The British Prime Minister in an Age of Upheaval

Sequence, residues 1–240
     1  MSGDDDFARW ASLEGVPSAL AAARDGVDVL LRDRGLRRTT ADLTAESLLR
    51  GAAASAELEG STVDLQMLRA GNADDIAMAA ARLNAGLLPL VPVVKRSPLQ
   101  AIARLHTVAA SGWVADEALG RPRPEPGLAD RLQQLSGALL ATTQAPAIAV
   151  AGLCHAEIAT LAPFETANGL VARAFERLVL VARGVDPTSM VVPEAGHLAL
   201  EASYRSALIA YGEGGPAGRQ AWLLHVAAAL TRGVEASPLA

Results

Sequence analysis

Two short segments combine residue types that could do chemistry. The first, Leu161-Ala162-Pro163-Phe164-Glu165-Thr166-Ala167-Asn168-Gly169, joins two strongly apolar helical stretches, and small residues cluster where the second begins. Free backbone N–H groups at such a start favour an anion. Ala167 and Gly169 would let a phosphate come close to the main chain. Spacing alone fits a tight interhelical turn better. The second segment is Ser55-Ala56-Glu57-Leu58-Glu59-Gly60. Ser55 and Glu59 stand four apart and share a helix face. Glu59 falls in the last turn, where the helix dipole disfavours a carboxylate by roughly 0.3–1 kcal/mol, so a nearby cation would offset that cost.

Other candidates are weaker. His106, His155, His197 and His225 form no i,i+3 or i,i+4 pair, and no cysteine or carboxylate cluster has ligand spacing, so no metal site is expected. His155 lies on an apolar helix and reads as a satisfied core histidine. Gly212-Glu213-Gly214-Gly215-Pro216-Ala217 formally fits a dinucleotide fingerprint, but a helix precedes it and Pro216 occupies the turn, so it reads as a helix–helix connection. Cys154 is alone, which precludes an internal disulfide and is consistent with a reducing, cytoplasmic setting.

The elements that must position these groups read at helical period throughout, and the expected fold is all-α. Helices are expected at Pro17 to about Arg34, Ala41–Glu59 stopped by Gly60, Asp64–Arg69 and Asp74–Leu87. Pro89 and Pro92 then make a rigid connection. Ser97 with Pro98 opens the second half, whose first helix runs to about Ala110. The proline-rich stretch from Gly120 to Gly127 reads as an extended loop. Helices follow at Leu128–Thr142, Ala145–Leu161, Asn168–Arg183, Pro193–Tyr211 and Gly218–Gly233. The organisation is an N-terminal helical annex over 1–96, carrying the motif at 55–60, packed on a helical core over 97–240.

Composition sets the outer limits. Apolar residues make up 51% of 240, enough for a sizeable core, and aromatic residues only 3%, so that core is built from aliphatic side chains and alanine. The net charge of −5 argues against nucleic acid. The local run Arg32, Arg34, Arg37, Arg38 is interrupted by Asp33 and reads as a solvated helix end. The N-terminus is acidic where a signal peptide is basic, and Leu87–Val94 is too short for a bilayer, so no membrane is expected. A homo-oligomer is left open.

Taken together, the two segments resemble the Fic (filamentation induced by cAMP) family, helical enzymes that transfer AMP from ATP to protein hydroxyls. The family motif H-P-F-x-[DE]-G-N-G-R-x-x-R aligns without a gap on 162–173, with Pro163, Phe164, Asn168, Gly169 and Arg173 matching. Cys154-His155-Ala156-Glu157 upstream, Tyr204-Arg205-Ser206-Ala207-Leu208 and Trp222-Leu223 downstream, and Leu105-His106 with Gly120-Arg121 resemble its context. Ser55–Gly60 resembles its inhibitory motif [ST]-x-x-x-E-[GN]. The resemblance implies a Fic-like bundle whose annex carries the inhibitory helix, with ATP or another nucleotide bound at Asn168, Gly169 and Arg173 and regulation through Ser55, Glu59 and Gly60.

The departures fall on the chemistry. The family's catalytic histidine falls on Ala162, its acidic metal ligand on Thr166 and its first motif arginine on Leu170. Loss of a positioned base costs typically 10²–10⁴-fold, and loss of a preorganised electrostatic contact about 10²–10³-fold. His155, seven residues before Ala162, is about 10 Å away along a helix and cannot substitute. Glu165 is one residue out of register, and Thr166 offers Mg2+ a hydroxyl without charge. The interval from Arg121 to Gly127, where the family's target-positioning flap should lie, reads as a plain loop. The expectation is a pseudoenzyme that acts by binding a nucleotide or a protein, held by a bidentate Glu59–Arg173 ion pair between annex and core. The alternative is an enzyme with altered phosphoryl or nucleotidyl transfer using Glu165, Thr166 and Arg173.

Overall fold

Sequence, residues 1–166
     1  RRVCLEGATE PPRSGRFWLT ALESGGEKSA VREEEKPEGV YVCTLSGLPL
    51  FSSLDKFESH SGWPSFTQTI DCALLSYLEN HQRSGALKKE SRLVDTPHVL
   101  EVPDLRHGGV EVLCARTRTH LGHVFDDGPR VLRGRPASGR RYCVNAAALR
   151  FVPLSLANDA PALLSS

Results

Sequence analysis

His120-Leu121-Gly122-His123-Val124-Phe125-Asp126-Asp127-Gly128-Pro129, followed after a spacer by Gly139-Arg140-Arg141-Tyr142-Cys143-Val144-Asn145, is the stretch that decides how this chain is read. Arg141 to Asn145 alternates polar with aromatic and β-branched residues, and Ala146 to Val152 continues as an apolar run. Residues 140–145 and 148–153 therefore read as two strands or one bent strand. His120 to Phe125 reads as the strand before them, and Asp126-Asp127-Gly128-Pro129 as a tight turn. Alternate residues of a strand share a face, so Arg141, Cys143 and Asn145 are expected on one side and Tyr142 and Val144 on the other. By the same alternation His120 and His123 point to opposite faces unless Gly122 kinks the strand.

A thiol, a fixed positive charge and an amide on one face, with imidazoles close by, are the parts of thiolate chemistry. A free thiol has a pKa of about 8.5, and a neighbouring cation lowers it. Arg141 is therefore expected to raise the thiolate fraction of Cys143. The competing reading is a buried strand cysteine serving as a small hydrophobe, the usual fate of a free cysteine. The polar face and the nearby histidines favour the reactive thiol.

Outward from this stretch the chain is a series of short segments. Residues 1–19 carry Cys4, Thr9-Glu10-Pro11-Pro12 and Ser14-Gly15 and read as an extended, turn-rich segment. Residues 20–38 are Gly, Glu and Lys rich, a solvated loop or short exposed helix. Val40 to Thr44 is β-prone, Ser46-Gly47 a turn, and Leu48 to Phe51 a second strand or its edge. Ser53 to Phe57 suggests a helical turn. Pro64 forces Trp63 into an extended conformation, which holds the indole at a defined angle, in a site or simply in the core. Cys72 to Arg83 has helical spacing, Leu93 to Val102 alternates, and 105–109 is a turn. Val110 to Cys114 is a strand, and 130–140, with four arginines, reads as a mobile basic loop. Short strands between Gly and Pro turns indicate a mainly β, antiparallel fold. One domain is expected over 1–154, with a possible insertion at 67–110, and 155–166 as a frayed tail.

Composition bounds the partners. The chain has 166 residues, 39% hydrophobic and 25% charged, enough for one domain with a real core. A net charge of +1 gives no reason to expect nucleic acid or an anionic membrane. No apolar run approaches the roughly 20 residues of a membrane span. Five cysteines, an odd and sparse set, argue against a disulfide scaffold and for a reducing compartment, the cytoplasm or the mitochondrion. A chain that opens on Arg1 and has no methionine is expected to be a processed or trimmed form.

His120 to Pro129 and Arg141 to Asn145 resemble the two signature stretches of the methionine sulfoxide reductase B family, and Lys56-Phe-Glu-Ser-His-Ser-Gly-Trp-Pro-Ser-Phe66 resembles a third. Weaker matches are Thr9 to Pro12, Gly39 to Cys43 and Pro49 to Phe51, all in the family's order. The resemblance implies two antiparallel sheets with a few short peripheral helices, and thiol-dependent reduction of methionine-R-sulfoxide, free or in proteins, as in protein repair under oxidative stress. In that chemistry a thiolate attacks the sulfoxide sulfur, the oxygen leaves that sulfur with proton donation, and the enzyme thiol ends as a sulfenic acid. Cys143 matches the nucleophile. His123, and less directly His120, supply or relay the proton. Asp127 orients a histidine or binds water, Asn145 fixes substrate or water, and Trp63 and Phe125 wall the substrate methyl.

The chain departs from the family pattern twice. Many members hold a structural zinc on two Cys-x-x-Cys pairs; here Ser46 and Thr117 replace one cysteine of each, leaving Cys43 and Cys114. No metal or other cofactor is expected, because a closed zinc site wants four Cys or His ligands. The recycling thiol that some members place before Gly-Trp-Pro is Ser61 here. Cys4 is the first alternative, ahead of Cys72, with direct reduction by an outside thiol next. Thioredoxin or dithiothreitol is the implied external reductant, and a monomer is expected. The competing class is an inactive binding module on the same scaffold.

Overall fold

In this timely book, Mark Garnett provides a bracing reassessment of the role of the British Prime Minister, from Margaret Thatcher’s controversial tenure to Boris Johnson’s attempt to confront a pandemic with a ministerial team created to face the very different challenge of Brexit. Taking a thematic approach, Garnett explores the impact of major political developments and personalities on key aspects of prime ministerial functions as party leader, Cabinet-maker, chief diplomat and electoral talisman. Much of the controversy over the position of Prime Minister, he concludes, arises from a confusion between the occupant’s inescapable political prominence and his or her – often limited – ability to achieve positive policy outcomes. With both David Cameron and Theresa May forced to resign since 2016, the book questions whether the nature of the job has become a deterrent for politicians who are motivated by a desire to serve the British public, opening the way for individuals with much less laudable motivations.